The Colorado Department of Labor and Employment released an “Interim Report on Green Jobs in the Colorado Economy” in late July estimating that 61,239 jobs, or roughly 2.8% of the state’s workforce, can be classified as a “green job” under the rubric drawn up by CDLE, the Office of Labor Market Information, and the Business Research Division of the University of Colorado Boulder’s Leeds School Business, which conducted the survey.
The “exploratory” survey–”not intended as a definitive statement describing the green economy in Colorado”–was commissioned by CDLE through a $265,000 grant (out of a total of more than $3.8 million) authorized by the 2009 American Recovery and Reinvestment Act, and administered as part of a much larger multi-state survey that included Montana, Wyoming, Colorado, Utah, Nebraska, South Dakota, and Iowa.
The stated objectives of the joint CDLE/LMI survey included qualifying the types of green occupations, training needs, wages, and ranking factors that influence or inhibit the growth of green jobs, in addition to the overall goal of establishing a baseline number of total green jobs in the state.
To promote consistency within the multi-state study and due to Colorado’s later entrance in the project, the methodology and survey characteristics were adapted and retained for use in measuring green jobs in the state’s labor market, according to the report.
The report admits that classifying jobs as green is “highly dependent” on subjective measures, that there is a potential for self-selection bias in reporting by those firms surveyed, and a “broad definition of what constitutes a green job” is open to interpretation.
Furthering the notion of a broad and comprehensive green employment definition, the survey provided a range of potential activities for companies to consider in defining a green job and concluded that, “the job itself must have, as part of its function, paid activities that produce an environmentally friendly product or service” in order to be classified as an eligible green job.
In addition to casting a wide methodological net, the report acknowledges that “most” of the jobs included in the results “pre-date the green economy,” with many having been repurposed or adapted to fit into a “green niche.” No specific numbers are offered.
Despite this, the cross-industry results showed that just 7.5 percent of firms responding reported a green job in their firm, with those same companies reporting a 7.3 percent wage increase over companies reporting no green jobs ($52,334 vs. $48,745).
The CDLE reported statistics consistent with other states that had completed green jobs reports in 2009, with Oregon and Michigan both showing 3 percent each (50,000 and 109,000 jobs, respectively) and Washington clocking in at 3.3 percent (76,000). Of the states included in the background research, Kansas reported only a paltry 1.5 percent of the total workforce in green jobs (20,000), while Missouri boasted a green jobs total of 4.8 percent (131,000). For comparison, the survey cited a Pew research study, also conducted in 2009, that found there were approximately 770,000 green jobs (clean energy and green economy) nationwide.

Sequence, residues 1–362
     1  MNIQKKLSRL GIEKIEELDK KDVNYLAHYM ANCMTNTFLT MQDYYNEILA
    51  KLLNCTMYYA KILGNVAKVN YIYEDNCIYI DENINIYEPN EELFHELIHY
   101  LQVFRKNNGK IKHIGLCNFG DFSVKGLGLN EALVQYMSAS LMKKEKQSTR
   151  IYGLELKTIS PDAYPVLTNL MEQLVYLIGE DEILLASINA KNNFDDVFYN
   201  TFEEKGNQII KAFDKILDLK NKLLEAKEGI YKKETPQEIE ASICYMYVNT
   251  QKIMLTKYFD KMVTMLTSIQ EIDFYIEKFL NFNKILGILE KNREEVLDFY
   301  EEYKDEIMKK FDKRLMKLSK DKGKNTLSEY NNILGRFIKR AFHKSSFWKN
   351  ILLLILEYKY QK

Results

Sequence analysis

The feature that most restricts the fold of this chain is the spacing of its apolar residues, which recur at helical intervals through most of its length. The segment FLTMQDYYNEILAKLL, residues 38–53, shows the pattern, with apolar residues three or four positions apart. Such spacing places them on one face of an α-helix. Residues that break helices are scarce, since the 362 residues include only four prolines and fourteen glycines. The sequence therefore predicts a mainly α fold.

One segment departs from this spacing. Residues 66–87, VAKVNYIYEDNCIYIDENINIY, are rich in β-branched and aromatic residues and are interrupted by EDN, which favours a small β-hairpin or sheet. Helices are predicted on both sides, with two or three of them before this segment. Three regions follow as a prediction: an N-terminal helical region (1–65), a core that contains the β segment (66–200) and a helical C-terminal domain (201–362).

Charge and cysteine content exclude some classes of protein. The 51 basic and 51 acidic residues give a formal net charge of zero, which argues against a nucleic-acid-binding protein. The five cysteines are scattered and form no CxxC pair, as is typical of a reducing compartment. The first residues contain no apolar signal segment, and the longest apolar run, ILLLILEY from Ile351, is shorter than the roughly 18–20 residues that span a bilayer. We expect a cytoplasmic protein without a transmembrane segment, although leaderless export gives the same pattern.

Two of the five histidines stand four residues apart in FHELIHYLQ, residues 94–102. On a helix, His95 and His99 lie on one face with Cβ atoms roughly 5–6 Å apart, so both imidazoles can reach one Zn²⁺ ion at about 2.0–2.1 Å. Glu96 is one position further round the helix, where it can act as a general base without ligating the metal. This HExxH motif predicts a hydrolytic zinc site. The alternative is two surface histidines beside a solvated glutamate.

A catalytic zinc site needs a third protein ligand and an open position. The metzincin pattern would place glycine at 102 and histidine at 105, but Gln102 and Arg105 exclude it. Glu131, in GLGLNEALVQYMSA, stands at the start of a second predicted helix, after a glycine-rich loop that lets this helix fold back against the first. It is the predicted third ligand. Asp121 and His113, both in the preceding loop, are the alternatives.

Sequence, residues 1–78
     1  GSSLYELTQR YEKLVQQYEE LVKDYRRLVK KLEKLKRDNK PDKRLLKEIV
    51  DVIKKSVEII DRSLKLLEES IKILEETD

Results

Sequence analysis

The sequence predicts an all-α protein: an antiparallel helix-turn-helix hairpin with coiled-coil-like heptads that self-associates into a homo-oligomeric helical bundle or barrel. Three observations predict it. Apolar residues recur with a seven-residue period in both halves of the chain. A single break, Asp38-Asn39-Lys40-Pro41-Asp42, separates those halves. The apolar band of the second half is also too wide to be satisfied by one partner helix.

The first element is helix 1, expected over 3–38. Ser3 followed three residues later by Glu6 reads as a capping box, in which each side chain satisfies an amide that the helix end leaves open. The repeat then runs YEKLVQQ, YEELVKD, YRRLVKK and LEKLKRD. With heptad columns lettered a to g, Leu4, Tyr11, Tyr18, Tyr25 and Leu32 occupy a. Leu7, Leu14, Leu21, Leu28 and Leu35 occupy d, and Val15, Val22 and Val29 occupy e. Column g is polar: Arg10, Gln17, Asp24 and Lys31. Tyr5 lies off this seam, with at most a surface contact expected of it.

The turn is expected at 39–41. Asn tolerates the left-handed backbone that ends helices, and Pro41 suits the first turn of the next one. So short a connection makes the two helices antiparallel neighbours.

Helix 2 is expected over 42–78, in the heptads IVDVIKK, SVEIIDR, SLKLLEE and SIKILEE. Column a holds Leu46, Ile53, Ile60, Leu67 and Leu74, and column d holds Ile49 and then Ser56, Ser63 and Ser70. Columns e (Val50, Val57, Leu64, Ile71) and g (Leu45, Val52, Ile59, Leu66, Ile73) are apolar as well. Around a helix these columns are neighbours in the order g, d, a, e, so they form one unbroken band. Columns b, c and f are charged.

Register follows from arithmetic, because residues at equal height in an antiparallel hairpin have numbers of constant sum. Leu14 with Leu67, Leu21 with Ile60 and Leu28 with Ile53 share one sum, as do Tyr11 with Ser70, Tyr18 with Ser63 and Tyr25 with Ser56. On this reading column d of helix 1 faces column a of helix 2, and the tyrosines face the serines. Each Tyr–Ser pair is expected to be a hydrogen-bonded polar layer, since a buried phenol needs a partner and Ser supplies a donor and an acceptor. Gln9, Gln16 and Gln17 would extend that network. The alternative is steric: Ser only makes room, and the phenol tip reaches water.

For Colorado, only 18.1 percent of respondents indicated participation in at least one green activity, including the use of renewable energy, conservation, sustainability, or education. The most reported activity was energy efficiency and conservation (5.3 percent).
Utilities (16.3 percent), public administration (15.1), construction (14.5), and the agriculture/forestry (13.2) sectors lead the way in reporting green jobs in their workforce, while finance/insurance (2.9) and accommodation/food services (2.2) registered much smaller returns.
Overall, the report showed respondents crediting increases in customer demand and tax incentives (deductions, credits) as the prime influence drivers for expanding green jobs, though multiple sectors also noted environmental policies as well, with great variations between individual sectors.
Deterring green jobs growth were firms’ consideration of profit margin and capital financing, with other factors varying widely by industry.
CDLE expects to follow this preliminary report with upcoming job classifications for those green jobs cited, as well as discovering training and education needs for the assistance of the green jobs included in the survey.
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